Program aims to prepare job seekers, help employers with hiring process

With the demand for skilled trades workers in Johnson County increasing, the Johnson County Development Corp. is leading an effort to help people not only get jobs, but get jobs that fit their skill set.

With the county’s launch as a participant in the ACT Work Ready Communities program earlier this year, any county resident will have the ability to get a National Career Readiness Certificate. When people have the certificate, employers will be able to make better hiring decisions, as they will be able to see how well candidates understand math, graphics and documents such as policies and memos they may see in the workplace.

Employers will also be able to give employees positions more suited to them if they are currently in one that doesn’t suit their strengths, Johnson County Development Corp. Executive Director and CEO Dana Monson said.

While the employment process involves more than the certificate, the certificate can be used to help skilled workers get jobs in entry-level and medium-level positions. Those positions include being a bank teller, hospital accountant, doing lab work in a medical center, manufacturing, welding, mechanics and a variety of customer service positions, Monson said.

“We have been looking at a variety of workforce development programs to see what’s best for our county and that can help us with three key issues: retention of employees, misalignment of skills and an increase of skilled workers in the county,” Monson said. “After reviewing our options this came to the surface as a program that can help employers, employees and the traditional workforce, (including) high school students who are graduating and go directly into the workforce.”

The development corporation, a non-profit public/private partnership focused on economic development opportunities in Johnson County, is joined by Aspire Johnson County, the Johnson County Public Library system, Central Nine Career Center, WorkOne Franklin and IvyTech Community College’s Franklin branch in promoting the free test to Johnson County residents and employers. Any Johnson County resident can take the test, called the ACT WorkKeys Test, to earn the certificate, Monson said.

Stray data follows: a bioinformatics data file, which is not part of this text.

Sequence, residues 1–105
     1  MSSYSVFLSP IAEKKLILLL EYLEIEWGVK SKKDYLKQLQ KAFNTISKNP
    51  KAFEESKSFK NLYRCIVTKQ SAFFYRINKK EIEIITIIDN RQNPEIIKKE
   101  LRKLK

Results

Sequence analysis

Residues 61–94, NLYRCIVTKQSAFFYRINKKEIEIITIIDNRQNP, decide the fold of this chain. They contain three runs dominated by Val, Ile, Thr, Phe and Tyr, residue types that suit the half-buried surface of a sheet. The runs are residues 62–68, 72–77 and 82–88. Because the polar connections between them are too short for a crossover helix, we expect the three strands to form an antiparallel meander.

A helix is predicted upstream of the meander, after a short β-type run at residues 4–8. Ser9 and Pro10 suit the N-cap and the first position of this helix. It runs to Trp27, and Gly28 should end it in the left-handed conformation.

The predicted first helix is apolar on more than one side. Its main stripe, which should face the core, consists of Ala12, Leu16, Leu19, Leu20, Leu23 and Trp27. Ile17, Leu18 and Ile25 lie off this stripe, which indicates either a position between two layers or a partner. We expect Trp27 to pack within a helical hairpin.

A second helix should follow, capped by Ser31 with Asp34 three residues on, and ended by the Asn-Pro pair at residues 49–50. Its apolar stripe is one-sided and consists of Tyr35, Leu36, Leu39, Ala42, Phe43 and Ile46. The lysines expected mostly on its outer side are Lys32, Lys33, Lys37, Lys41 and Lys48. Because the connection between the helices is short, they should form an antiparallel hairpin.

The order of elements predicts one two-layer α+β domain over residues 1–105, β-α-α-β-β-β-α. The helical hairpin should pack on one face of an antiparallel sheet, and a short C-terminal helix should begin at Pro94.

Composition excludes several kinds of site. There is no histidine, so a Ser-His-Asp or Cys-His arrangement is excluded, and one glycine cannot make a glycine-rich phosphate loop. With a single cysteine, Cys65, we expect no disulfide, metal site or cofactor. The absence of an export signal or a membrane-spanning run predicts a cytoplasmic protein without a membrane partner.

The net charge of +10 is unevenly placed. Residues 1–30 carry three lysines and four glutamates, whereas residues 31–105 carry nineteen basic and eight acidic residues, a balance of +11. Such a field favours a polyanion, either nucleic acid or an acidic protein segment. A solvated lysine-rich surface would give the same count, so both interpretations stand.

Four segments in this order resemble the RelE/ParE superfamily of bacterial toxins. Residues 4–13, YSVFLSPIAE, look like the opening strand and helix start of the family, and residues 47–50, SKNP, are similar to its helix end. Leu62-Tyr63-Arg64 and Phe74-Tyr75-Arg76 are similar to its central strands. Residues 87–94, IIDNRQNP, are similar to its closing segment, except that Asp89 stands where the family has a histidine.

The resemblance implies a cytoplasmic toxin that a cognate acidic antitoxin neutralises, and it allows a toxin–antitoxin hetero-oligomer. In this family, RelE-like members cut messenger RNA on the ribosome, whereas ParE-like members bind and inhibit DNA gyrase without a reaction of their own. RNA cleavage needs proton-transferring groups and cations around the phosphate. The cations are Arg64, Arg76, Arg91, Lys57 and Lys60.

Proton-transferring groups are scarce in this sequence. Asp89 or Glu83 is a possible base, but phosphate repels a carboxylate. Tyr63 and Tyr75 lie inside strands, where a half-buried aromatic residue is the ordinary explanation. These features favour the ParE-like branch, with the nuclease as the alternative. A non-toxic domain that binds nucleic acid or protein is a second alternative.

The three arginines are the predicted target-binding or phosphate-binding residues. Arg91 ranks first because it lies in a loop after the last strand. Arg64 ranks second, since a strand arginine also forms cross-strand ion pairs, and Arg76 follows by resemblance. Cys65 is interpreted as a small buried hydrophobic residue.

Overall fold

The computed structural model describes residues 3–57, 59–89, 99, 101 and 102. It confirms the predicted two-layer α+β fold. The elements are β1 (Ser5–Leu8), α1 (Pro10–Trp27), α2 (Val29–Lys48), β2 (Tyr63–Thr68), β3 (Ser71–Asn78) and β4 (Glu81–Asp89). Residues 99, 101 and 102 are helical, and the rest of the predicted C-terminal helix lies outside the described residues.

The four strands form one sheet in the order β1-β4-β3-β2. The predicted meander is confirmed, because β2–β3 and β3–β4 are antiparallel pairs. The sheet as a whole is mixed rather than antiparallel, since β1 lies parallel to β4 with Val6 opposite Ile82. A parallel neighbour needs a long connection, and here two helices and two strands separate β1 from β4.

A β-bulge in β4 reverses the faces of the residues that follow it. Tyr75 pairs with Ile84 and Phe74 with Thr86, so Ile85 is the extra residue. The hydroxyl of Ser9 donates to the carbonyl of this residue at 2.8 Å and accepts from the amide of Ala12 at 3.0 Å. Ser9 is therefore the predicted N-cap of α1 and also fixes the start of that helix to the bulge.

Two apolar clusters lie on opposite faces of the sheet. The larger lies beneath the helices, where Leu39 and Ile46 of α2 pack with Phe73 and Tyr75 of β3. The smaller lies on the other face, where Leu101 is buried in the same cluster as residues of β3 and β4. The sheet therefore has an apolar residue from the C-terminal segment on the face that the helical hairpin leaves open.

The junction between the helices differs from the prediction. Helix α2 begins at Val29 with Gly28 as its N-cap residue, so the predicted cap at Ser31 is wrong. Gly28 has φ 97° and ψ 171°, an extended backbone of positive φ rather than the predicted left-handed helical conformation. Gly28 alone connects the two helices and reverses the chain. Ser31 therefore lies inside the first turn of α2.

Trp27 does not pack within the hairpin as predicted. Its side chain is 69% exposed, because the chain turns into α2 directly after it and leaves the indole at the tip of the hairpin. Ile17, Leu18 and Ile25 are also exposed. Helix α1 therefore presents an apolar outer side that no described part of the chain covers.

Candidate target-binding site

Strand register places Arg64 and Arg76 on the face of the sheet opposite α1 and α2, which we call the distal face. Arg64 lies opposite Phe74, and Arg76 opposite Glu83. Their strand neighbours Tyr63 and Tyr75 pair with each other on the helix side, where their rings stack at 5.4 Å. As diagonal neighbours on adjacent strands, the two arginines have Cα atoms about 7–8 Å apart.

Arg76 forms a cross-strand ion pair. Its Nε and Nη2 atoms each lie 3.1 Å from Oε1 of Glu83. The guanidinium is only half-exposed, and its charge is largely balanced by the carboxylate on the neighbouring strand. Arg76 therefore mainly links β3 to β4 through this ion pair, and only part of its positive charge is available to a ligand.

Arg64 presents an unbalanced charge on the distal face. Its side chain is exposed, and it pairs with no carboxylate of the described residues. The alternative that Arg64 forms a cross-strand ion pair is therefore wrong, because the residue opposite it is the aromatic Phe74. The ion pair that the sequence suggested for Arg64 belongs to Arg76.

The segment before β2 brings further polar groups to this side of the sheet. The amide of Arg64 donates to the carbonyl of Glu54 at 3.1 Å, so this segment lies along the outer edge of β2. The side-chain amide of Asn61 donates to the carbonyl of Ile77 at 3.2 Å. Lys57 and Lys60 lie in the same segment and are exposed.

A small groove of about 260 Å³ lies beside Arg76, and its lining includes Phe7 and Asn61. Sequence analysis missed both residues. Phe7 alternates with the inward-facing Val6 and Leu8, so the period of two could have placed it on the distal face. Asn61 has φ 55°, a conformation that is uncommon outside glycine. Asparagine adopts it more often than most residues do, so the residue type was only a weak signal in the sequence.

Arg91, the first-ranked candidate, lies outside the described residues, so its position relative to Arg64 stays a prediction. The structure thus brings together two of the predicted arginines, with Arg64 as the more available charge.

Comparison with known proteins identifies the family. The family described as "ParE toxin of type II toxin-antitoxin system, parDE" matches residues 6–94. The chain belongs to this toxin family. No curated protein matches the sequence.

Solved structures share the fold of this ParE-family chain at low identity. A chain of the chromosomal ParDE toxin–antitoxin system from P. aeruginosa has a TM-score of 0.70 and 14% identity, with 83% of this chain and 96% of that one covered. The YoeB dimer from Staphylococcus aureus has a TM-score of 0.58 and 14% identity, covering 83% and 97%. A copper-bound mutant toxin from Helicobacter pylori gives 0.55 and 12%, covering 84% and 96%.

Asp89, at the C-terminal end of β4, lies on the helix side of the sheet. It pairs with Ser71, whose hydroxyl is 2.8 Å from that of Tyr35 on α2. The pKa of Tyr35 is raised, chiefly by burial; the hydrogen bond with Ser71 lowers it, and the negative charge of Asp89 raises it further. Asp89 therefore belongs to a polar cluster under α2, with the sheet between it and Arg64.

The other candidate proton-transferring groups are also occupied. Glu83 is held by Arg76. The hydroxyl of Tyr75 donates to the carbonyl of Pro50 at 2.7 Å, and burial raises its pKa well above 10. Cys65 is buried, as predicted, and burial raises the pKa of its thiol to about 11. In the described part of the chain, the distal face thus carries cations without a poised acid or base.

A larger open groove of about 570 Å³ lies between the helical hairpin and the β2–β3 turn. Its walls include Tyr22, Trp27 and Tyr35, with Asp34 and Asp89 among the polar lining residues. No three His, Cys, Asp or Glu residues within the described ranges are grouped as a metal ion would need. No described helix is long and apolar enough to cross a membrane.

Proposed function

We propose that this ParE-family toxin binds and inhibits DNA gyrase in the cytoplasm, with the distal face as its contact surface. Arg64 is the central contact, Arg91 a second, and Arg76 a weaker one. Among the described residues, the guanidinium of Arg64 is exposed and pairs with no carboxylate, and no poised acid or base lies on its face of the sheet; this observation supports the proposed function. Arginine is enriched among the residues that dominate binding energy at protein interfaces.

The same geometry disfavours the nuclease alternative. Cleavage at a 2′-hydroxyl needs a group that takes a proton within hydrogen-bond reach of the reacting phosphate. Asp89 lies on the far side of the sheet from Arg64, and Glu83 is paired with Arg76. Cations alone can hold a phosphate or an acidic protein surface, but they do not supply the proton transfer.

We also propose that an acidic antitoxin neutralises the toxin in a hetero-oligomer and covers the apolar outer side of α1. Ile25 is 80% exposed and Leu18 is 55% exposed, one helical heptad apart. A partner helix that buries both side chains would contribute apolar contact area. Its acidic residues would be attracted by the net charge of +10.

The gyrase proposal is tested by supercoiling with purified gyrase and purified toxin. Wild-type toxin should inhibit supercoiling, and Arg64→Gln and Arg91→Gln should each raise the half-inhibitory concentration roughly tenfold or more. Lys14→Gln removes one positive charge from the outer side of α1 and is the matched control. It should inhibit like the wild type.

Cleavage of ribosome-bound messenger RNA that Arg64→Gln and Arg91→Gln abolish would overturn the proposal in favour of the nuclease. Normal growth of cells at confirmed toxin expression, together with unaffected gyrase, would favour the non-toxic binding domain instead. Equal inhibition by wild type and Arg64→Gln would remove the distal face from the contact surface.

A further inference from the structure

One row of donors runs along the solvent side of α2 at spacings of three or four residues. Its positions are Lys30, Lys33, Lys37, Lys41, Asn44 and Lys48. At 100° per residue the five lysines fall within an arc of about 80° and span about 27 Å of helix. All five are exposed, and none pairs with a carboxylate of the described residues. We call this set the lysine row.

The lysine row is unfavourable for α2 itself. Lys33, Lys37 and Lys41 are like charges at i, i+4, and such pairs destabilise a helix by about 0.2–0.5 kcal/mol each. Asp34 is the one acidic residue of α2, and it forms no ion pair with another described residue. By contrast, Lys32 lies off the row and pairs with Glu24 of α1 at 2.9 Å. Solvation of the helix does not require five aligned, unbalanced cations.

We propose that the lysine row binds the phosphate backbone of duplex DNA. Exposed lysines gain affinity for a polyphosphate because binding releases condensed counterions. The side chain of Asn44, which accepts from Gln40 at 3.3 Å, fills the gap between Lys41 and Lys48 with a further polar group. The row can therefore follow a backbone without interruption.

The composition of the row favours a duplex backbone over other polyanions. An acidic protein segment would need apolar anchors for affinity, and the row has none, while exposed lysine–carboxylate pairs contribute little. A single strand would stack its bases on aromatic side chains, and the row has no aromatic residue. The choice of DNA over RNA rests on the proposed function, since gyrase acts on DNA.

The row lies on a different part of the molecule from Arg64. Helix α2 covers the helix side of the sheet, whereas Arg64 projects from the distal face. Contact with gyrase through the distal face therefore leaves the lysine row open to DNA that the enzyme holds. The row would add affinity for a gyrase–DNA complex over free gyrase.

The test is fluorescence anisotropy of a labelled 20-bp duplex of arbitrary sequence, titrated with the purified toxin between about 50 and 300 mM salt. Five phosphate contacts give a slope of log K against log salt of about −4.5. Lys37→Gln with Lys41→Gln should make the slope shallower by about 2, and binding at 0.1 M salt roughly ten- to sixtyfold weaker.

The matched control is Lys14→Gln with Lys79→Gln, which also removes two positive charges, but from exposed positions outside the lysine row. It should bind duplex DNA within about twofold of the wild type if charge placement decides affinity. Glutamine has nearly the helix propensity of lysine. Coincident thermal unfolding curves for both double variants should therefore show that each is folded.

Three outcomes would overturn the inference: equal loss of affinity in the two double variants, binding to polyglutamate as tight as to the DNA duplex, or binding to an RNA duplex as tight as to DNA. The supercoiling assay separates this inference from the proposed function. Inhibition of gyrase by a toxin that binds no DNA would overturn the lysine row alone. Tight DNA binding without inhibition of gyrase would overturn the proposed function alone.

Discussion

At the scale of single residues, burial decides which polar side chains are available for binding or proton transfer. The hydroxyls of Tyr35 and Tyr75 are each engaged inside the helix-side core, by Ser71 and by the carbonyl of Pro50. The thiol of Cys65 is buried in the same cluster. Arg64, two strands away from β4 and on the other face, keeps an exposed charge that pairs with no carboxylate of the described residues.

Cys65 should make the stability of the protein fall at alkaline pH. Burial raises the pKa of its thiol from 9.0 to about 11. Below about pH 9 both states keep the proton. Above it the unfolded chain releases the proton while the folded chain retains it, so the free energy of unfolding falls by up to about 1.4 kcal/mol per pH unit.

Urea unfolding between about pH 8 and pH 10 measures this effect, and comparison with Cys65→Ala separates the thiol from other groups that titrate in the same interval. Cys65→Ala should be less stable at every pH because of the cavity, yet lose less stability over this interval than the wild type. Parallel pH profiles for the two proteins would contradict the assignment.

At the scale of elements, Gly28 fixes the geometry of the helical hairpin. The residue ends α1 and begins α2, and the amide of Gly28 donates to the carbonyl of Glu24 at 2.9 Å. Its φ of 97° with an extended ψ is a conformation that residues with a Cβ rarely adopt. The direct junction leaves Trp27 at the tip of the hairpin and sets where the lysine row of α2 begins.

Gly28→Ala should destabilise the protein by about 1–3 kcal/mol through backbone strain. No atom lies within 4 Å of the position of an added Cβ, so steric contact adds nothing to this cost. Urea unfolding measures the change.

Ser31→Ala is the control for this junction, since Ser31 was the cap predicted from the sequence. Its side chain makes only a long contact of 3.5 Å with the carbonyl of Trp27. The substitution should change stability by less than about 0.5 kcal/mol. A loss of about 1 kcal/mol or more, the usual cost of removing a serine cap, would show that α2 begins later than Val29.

People can take the test at any Johnson County Public Library branch, at Central Nine and at WorkOne, although it’s best to reserve ahead of time, Central Nine Adult and Continuing Education Coordinator Gayle Brooks said. Although the test is online, test takers must take it at one of those locations, she said.

Although residents have been able to take the ACT WorkKeys test since 2012, there have been three companies—CGS Services Inc., Fraley and Schilling Inc. and NineStar Connect—that recommended the certificate before this year.

Since Johnson County’s launch as a participating community, 10 more have joined. By the end of next year, the county must meet a goal of 396 employers supporting the certificate in order to become a certified work-ready community. The companies who support the certificate recommend that candidates have it when they apply for jobs, although it is not currently a requirement in the hiring process, Monson said.

“It’s helping them streamline the hiring process,” Monson said of the benefit to employers. “It evaluates employees, it improves retention and puts employees where they will succeed. It helps companies understand what each job really needs, what skills are needed, and helps make things more efficient by putting the right things in the right place.”

ACT also set a goal for Johnson County to have 1,675 certified residents by the end of next year. Currently, 806 residents are certified. If Johnson County became a certified work-ready community, it would be the first in central Indiana to do so, according to ACT.

Reaching these goals is part of a concentrated effort among participating Johnson County organizations to get information about the test to high school students, employers, employees and people who are currently looking for jobs, Brooks said.

“Since kickoff we’ve been really pushing out that information,” Brooks said. “It takes a while to get the test going, (to get) information for the people to test and (to get) people on board.

“It’s a lot of going out to each individual employer and our team is working on that.”

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In order to obtain a national work readiness certificate, test takers must pass three 50-minute assessments as part of the ACT WorkKeys test: graphic literacy, workplace documents and applied math. Test takers who score high enough on the three sections pass the test, and are given a bronze, silver, gold or platinum certificate based on how well they do.

In graphic literacy, test takers are asked to identify information presented in the form of graphs, charts, diagrams and floor plans.

In applied math, test takers are asked to use critical thinking, math and problem-solving techniques related to workplace-based scenarios.

In workplace documents, test takers must solve problems by interpreting documents like messages, emails, signs, policies, contracts and more that are often seen in the workplace.

Source: ACT